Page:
Overview: While the Age Discrimination in Employment Act (ADEA) only protects individuals who are 40 years of age and older from employee discrimination, some state laws, such as those in New York, New Jersey and the District of Columbia, protect individuals who are 18 and older from age discrimination. Age discrimination often arises when individuals receive unfair treatment in the workplace because of the mistaken belief that an older individual will not perform as well. As a result of this, an employer should avoid any preemployment inquiries or employment decisions that are based solely on an individual's age, and be careful about neutral workplace rules and practices that negatively affect older workers. Further, the issue of age discrimination also comes into play when considering the issue of retirement age.
An employer should recognize that it is permissible to differentiate on the basis of age if age is a bona fide occupational qualification. For example, an employer can discriminate based on age if individuals of a certain job cannot perform the essential job functions in a safe manner.
Employers should also be aware of the fact that there are special requirements with regard to the waiver of ADEA claims in settlement agreements and releases under the Older Workers Benefit Protection Act.
Trends: Employers should be aware that the EEOC recently issued a new rule which will make it harder for employers to establish that policies that discriminate based on age were justified based on a legitimate business reason and based on a reasonable factor other than age. It will require employers to show that they have a stated business purpose as well as that the employer considered and sought to reduce the impact of the policy on older workers. The EEOC has also identified protecting older workers as one of its priorities in its Strategic Enforcement Plan.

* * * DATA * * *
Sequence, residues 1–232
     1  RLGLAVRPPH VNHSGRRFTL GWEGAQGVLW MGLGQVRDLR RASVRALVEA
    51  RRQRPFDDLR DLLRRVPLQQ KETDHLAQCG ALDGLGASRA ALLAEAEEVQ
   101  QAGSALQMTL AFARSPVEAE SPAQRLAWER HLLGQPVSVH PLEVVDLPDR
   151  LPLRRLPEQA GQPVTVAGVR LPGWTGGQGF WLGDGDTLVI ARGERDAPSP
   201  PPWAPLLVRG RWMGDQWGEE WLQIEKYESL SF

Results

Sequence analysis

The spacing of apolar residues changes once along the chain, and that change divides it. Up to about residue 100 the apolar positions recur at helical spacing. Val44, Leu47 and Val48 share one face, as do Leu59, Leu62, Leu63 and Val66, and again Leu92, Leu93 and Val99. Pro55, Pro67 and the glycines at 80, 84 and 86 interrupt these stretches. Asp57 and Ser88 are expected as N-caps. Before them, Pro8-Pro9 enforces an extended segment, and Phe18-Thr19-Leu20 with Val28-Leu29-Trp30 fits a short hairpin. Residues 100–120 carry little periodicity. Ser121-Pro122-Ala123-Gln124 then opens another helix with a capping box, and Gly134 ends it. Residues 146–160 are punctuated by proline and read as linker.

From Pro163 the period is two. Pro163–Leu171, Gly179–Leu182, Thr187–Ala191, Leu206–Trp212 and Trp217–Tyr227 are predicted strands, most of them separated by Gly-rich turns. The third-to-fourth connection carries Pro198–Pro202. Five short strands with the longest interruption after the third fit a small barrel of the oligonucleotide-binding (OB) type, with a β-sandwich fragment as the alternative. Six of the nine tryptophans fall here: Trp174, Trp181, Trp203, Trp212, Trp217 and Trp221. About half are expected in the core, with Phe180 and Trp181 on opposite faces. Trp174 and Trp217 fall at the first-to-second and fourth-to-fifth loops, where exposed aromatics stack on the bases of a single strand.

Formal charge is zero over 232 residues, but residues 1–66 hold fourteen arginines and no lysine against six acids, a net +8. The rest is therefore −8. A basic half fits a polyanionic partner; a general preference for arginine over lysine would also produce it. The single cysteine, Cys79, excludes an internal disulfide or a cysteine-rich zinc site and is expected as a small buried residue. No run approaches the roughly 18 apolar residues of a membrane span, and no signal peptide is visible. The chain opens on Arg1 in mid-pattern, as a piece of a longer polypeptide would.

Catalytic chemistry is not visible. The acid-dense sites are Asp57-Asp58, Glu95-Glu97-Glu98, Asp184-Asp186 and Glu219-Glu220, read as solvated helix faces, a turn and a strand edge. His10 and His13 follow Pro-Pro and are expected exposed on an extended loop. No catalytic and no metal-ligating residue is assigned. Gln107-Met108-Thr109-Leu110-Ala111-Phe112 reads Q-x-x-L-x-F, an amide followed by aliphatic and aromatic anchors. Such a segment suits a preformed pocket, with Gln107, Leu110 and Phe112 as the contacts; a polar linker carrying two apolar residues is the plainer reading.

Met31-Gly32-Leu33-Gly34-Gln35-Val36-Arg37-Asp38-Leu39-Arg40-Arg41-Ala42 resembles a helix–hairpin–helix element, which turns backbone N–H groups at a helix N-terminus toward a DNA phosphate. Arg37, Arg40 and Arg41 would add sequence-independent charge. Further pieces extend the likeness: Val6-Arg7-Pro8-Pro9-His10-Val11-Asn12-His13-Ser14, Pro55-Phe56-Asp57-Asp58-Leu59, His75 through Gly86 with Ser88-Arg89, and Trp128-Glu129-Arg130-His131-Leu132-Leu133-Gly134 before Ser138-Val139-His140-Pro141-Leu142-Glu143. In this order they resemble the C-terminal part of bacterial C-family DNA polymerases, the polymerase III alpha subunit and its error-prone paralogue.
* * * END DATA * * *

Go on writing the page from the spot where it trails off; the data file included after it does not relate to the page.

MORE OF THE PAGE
Employers also may reasonably anticipate a greater number of age discrimination lawsuits with the aging Baby Boomer population.
Author: Beth P. Zoller, JD, Legal Editor
The 7th Circuit Court of Appeals has ruled that the Age Discrimination in Employment Act (ADEA) does not extend to outside job applicants who bring disparate impact discrimination claims.
The Florida-based chain Seasons 52 has agreed to pay $2.85 million and provide equitable relief to settle an Age Discrimination in Employment Act (ADEA) lawsuit brought by the Equal Employment Opportunity Commission (EEOC) on behalf of applicants ages 40 and older who had been denied jobs because of their age.
The Equal Employment Opportunity Commission (EEOC) is currently hosting the New York District Technical Assistance Program Seminar (TAPS), which has emphasized federal age discrimination protections in conjunction with the 50th anniversary of the Age Discrimination in Employment Act of 1967 (ADEA).
The Texas Roadhouse restaurant chain has agreed to pay $12 million to resolve a class action lawsuit in which the EEOC accused it of engaging in a nationwide pattern and practice of age discrimination in hiring.
In a first-of-its-kind ruling, the 11th Circuit has held that the disparate-impact provision in the Age Discrimination in Employment Act (ADEA) only covers discrimination against employees, not job applicants. The decision creates a split in the circuits that could lead to Supreme Court review.
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